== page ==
Also Read: Triumph Thunderbird Storm Review

Switch on the ignition – that is if you can find the ignition key slot on the left side headlamp bracket! Truly unique for any motorcycle I have ever ridden. Thumb the starter and the softly tuned thoroughly unstressed engine comes to life and quickly settles to a steady idle even on a chilly morning. It’s a British bike after all and so the cold is never an issue! Blip the throttle and the engine responds with alacrity. Pull in the surprisingly light clutch, shift to first and get underway. Oh! Was riding an 800+ cc bike ever so simple. Work through the gears and as long as you’re retro on the throttle, the Bonnie gives no hint of a relatively large powerplant. The traditionally shaped tank nestles between the knees, the bars provide the right leverage and yet the sheer light-footedness of the bike takes you by surprise. The staid geometry (4.5 inches of trail and 27o rake) coupled with 17 inch wheels and narrow section tyres (110 up front and a 130 at the rear) makes this bike handle like a motorcycle a third its weight and engine capacity. Flickability is crisp without an iota of loss in straight-line stability, thanks to that longish 1490 mm wheelbase coupled with a rigid frame and swing-arm. The suspension is simple, telescopic forks up front and twin shock-absorbers at the rear. The simplicity, though evocative and passably effective, is probably the only weakness in the Bonnie if you feel like exploiting that sweet engine and spot on geometry. The rear gets sprightly and the front flighty on anything but smooth tarmac while cranked over at speed. But go easy as the character of the bike demands and all is perfect.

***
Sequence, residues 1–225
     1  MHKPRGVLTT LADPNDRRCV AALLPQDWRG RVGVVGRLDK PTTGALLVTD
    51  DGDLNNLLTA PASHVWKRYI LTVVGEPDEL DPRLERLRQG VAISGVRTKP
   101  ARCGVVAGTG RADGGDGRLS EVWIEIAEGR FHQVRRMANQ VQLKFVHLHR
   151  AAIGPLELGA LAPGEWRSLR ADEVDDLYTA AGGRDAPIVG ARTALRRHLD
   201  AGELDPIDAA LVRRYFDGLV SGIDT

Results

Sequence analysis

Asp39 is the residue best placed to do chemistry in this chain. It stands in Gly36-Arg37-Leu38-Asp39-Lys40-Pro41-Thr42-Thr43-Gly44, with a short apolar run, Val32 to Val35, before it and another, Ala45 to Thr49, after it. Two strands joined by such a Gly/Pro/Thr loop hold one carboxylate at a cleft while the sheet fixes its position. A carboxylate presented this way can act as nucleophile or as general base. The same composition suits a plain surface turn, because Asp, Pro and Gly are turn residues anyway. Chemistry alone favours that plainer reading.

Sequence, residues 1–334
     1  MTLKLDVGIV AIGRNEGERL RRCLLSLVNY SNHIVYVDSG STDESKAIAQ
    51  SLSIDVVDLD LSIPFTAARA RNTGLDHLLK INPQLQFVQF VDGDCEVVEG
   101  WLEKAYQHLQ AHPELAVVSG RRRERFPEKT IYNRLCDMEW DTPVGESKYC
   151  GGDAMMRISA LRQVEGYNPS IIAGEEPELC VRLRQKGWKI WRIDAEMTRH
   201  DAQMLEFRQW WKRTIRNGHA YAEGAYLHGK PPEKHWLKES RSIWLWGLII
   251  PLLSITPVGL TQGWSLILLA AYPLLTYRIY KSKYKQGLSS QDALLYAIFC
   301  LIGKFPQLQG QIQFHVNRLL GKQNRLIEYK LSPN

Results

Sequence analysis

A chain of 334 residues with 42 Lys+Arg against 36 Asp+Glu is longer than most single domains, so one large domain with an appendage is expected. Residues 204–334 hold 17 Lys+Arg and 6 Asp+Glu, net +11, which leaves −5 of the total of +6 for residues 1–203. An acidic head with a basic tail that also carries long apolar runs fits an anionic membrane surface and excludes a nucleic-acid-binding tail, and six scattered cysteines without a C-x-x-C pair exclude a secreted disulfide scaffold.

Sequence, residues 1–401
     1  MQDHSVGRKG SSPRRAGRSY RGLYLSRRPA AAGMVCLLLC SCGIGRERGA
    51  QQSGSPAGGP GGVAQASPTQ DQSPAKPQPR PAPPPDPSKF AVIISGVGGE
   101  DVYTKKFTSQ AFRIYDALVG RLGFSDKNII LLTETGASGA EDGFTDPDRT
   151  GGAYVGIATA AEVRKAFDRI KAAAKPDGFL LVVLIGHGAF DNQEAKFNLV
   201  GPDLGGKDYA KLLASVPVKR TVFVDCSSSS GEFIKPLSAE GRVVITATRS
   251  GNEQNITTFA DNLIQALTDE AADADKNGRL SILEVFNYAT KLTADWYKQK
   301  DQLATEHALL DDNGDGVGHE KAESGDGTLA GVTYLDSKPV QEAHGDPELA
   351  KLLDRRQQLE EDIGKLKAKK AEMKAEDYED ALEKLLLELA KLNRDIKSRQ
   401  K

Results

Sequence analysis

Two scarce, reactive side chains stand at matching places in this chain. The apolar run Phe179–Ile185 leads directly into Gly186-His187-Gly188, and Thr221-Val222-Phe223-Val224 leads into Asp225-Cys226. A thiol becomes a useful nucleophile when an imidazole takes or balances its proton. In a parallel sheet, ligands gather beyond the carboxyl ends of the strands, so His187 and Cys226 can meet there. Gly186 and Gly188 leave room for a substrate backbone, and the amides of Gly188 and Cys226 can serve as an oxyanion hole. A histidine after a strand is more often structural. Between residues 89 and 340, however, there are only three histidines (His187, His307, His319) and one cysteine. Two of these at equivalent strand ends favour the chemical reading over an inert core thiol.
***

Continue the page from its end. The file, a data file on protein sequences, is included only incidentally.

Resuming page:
The brakes are great. Feedback was superb and grip was amazing. You could grade the braking, especially up front, to the tiniest degree. In all probability the superb Metzelers the bike comes shod with have a substantial role to play in this as in the handling. The Bonnie is not light, tipping the scales at 225 kilos wet but on the move, all that weight does the vanishing trick pronto! The almost 2.5 ft. wide handlebars provide enough leverage to lift half a ton given the right fulcrum and so make handling the bike a breeze even while rolling it around the garage. The bars though feel a trifle close to the body and could have been less pulled back. The instrumentation is bare basic and could have been made more attractive and comprehensive but then the blending of the classic and modernity imposes its own rules on the design. The tell-tale lights for high beam, neutral, trafficators etc. are bright enough while the analogue-digital combo display (the analogue speedo is graduated in both kmph and mph) tells the usual tales about fuel level, odo readings, trip reads and rpm.